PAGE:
Interactive Language Learning through Speech-Enabled Virtual Scenarios

Hazel Morton, Nancie Gunson, Mervyn Jack

Research output: Contribution to journalArticlepeer-review

Abstract / Description of output

This paper describes the evaluation of an educational game designed to give learners of foreign languages the opportunity to practice their spoken language skills. Within the speech interactive Computer-Assisted Language Learning (CALL) program, scenarios are presented in which learners interact with virtual characters in the target language using speech recognition technology. Two types of interactive scenarios with virtual characters are presented as part of the game: the one-to-one scenarios which take the form of practice question and answer scenarios where the learner interacts with one virtual character and the interactive scenario which is an immersive contextualised scenario where the learner interacts with two or more virtual characters within the scene to complete a (task-based) communicative goal. The study presented here compares learners’ subjective attitudes towards the different scenarios. In addition, the study investigates the performance of the speech recognition component in this game. Forty-eight students of English as a Foreign Language (EFL) took part in the evaluation. Results indicate that learners’ subjective ratings for the contextualised interactive scenario are higher than for the one-to-one, practice scenarios. In addition, recognition performance was better for these interactive scenarios.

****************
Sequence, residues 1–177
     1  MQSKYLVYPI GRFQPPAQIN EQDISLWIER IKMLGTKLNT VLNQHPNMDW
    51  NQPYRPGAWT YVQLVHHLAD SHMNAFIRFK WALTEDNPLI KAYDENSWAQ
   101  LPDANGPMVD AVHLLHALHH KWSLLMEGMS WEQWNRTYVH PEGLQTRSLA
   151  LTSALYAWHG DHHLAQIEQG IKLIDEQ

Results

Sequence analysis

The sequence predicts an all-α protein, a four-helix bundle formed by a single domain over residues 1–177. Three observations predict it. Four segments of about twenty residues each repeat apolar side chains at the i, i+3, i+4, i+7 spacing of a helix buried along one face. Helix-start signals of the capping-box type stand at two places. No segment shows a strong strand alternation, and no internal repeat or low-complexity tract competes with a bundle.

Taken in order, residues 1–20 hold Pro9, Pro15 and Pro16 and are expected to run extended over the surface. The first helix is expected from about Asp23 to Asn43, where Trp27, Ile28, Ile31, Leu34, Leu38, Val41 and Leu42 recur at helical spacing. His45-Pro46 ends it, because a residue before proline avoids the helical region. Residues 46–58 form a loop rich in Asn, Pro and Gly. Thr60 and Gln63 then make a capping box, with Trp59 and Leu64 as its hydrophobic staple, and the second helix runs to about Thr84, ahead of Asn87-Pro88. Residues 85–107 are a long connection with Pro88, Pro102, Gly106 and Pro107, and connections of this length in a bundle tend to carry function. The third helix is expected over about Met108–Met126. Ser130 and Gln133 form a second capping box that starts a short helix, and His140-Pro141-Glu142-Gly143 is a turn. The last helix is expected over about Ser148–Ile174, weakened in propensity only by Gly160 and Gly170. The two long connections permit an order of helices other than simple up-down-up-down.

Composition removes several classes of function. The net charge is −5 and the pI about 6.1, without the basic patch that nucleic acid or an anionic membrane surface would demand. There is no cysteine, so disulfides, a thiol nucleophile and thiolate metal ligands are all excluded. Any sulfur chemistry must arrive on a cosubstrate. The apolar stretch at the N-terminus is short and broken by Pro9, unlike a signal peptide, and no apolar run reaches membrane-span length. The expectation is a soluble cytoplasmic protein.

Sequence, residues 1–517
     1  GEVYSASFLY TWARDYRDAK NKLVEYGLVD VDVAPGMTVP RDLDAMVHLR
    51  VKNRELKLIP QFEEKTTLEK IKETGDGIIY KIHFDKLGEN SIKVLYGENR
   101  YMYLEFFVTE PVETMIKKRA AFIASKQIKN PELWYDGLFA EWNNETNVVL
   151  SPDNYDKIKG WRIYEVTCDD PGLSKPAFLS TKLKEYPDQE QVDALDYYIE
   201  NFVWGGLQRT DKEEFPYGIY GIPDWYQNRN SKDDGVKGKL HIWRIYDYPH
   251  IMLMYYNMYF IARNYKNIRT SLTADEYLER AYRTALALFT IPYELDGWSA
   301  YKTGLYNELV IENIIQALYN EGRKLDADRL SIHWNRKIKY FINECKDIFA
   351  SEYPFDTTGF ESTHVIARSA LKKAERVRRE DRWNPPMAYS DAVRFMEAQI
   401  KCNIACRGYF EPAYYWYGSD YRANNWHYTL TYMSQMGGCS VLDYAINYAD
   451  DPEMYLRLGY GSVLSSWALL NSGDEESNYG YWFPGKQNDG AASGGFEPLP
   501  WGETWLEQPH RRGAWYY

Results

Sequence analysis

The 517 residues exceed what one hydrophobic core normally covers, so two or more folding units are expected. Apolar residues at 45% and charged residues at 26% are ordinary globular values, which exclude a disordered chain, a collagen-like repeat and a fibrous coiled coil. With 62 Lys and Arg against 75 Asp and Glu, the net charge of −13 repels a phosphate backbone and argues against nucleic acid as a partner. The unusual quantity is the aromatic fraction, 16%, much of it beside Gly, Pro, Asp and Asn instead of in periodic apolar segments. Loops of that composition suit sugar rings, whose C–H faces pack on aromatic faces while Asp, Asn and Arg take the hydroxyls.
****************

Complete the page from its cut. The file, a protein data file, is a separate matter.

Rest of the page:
Original languageEnglish
Article number389523
Pages (from-to)1-14
Number of pages14
JournalAdvances in Human-Computer Interaction
Publication statusPublished - Dec 2012


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